Painfull MemoriesShe dances in and out on waves of broken glass,
A memory of better times, a perfection that couldn't last,
I can reach out and touch her if I don't mind the pain,
But the cuts and scars means nothing's the same,
Still I cling like an addict addicted to the thought,
Of a woman who so long ago I should have forgot.
I offer myself a short distraction,
Some sort of break in the breaking reaction,
But when the music dies down and the streets get cold,
I run through conversations and things I was told,
Like that three word phrase that we used to use,
How quickly the feeling of love turned to "I hate you"s.
Writer's Tip: Show, don't tell.Show, don’t tell (SDT). It’s one of the few consistent pieces of advice that all writers have heard at one time or another. Even the most amateur of writers parrot it back, but knowing the phrase doesn’t necessarily mean that we understand it, or how to implement it.Writer's Tip: Show, don't tell.8 months ago in Writing More Like This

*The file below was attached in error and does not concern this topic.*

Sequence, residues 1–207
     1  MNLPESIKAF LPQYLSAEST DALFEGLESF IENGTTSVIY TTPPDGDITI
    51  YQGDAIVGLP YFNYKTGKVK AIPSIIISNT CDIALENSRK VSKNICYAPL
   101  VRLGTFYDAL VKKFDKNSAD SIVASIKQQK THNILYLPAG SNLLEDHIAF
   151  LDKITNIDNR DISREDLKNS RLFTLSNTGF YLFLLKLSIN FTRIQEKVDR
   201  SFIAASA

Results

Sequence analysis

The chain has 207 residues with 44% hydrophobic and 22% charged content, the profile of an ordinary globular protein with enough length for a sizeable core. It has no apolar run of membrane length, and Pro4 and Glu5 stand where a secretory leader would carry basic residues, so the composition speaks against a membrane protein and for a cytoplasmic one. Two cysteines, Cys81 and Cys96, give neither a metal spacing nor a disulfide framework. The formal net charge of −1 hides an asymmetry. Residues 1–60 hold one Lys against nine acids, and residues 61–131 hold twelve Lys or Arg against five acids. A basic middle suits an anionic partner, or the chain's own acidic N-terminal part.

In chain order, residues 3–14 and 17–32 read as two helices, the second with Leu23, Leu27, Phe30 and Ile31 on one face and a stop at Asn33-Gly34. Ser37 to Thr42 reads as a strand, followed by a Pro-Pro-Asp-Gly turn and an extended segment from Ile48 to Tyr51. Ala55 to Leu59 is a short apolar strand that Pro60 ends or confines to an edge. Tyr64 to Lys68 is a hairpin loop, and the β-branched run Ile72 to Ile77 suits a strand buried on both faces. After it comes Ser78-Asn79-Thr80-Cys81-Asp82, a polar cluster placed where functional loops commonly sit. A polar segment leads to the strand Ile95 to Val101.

So what does “Show, don’t tell.” really mean? SDT is the idea that instead of telling your readers what’s happening in a story, you show them. This seems like an abstract concept to most of us, but what it boils down to is this: using words to give your readers an idea without having to directly state it. There are many ways good writers do this. It can be as simple as adding a scene for when your character walks down the street to the corner market rather than saying “she went to the store.” but it can also be as complicated as weaving subtext into dialogue and editing entire character personalities to prove a point down the line. I want to look at two example